The bill — debated for eight hours and then passed just before midnight on Tuesday — now must be reconciled with a similar bill advancing in the Senate before going on to the governor to be signed into law.

The Minnesota House of Representatives has passed the 2023 Environment, Natural Resources, Climate and Energy Budget Bill on a party-line vote of 69-59.

The bill — debated for eight hours and then passed just before midnight on Tuesday — now must be reconciled with a similar bill advancing in the Senate before going on to the governor to be signed into law.

The bill adds restrictions and toughens requirements for deer farms and transfers their authority to the Department of Natural Resources in an effort to reduce the spread of chronic wasting disease among wild deer.

It also provides $4 million over the next two years for the Fond du Lac Band of Lake Superior Chippewa to work with the DNR to move wild elk from northwestern Minnesota to Carlton and southern St. Louis counties, what would be the region’s first wild elk in 150 years.

More than $670 million in new funding, fee hikes

The bill, authored by Rep. Rick Hansen, DFL-South St. Paul, invests more than $670 million in new funding above previous levels spent for the environment and natural resources. It funds the Department of Natural Resources, Minnesota Pollution Control Agency and the Board of Water and Soil Resources, as well as the Metropolitan Council Parks, Conservation Corps, Minnesota Zoo and the Science Museum of Minnesota.

Most of the new money comes from the state’s current budget surplus. But the bill also includes both fishing license and state park admission fee increases, which the governor and DNR had asked for to bolster revenue after the surplus is used up.

A last-minute amendment would prohibit the DNR from holding a wolf hunting or trapping season if the animal ever comes off the federal endangered species list. Current law would allow the agency to conduct a hunt if they saw fit. Another provision would allow the use of inline muzzle-loading rifles during the state’s muzzleloader deer hunting season.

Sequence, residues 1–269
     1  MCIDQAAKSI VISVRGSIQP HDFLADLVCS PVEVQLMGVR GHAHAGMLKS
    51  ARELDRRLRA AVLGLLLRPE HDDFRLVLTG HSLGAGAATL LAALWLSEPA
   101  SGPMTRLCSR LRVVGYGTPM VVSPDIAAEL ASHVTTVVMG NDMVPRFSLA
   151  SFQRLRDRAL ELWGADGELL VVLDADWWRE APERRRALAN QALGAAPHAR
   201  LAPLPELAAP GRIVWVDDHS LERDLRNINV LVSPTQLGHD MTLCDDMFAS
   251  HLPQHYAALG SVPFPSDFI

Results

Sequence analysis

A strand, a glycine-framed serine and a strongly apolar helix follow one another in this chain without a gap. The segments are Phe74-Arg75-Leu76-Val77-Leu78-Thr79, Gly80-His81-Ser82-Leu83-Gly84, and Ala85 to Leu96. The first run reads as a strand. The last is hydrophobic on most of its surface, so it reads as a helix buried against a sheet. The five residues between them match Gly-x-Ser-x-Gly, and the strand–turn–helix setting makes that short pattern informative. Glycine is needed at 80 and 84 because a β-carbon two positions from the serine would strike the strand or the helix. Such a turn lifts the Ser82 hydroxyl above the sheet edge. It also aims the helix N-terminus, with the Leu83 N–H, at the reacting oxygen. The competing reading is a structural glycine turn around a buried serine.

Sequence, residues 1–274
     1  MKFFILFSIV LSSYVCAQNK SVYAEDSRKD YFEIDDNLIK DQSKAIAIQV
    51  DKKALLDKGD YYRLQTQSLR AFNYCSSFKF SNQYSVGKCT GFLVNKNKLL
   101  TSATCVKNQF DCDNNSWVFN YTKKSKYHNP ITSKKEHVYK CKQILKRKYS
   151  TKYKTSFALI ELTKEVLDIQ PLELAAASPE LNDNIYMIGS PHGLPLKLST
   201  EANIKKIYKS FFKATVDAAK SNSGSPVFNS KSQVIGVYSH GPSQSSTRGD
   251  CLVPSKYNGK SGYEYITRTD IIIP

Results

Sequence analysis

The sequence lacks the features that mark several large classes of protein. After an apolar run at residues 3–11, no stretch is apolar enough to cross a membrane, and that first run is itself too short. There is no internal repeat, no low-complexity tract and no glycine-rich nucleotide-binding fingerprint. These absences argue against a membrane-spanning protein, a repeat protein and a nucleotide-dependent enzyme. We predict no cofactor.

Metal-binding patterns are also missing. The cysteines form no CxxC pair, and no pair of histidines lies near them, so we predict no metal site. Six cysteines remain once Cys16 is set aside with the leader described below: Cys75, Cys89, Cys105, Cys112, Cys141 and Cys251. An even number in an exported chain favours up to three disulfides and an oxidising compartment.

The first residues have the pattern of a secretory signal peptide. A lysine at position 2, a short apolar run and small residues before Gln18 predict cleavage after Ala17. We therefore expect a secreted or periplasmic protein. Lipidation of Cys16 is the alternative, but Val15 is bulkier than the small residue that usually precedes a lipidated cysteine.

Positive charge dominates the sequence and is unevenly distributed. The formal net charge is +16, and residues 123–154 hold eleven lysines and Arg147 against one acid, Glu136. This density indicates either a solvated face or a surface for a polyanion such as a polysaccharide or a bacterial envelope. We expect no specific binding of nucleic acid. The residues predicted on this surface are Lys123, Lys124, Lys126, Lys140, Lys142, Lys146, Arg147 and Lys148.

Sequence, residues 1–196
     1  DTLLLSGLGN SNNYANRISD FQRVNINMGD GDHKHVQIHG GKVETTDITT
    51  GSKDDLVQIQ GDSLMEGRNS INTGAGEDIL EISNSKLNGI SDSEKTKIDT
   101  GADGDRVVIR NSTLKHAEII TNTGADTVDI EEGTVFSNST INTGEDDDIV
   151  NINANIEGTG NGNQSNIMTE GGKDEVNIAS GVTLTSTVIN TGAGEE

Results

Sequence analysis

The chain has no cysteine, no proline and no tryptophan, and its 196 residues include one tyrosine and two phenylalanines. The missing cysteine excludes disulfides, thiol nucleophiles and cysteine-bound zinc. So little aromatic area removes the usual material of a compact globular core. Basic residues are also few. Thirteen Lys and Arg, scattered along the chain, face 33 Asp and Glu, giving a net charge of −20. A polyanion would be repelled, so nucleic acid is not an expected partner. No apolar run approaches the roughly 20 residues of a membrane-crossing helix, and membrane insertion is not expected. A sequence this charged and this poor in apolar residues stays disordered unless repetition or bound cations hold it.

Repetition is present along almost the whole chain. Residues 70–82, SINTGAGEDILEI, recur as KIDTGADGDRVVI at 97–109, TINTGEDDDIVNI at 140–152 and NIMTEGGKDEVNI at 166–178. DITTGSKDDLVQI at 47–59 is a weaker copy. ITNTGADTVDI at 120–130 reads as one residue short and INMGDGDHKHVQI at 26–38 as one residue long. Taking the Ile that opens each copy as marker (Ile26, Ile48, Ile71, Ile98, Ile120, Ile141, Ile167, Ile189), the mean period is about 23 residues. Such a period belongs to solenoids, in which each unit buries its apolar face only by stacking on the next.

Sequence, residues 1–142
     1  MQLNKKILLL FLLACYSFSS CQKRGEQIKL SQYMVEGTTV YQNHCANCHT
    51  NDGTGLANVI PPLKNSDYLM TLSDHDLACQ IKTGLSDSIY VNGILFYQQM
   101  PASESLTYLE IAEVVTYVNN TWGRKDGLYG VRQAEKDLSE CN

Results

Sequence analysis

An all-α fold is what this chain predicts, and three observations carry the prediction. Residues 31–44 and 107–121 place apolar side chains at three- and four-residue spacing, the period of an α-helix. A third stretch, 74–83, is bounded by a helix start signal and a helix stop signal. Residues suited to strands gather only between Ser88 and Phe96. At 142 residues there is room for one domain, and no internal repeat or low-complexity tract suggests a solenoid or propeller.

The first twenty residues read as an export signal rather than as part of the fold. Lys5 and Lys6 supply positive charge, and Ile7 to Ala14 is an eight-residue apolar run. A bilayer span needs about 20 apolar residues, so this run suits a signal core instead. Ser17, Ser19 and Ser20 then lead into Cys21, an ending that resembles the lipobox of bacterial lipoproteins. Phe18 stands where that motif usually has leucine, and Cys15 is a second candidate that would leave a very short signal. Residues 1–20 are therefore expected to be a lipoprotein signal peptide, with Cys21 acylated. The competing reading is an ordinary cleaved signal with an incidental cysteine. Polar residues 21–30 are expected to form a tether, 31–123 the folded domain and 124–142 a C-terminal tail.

Another amendment added would double the state restitution fee charged to wildlife law violators if the act is committed in a malicious manner. The restitution for a deer in those cases would jump from $500 to $1,000 per animal. The amendment is a reaction to public outcry over an Ely case in March where a man admitted to intentionally running down three deer with his truck.

Funding to address emerald ash borer, aquatic invasive species, PFAS chemicals

The bill includes tens of millions of dollars for parks and trails, reforestation, to acquire wildlife habitat, rebuild a state fish hatchery and repair or replace outdoor facilities statewide and is believed to be the largest outdoor bill ever, both in policy changes and money for state agencies and state outdoor facilities and land acquisition.

“We’re trying to make up for a lot of years of nothing passing, of stalemate” between Democrats and Republicans, Hansen said. “It’s the largest investment into protecting our environment ever in our state’s history.”

The bill includes $93 million for replanting trees and responding to emerald ash borer, the invasive tree-killing insect, and $6.6 million to address aquatic invasive species. The bill includes a PFAS “forever chemical” prevention package, with multiple pieces of legislation setting water standards and banning non-essential PFAS from a variety of consumer products.

A provision reestablishing the citizen’s board of the MPCA while rules tightening air pollution were limited to the Twin Cities metro area, as was a provision creating a metro trumpeter swan protection zone where small lead fishing tackle could be restricted.

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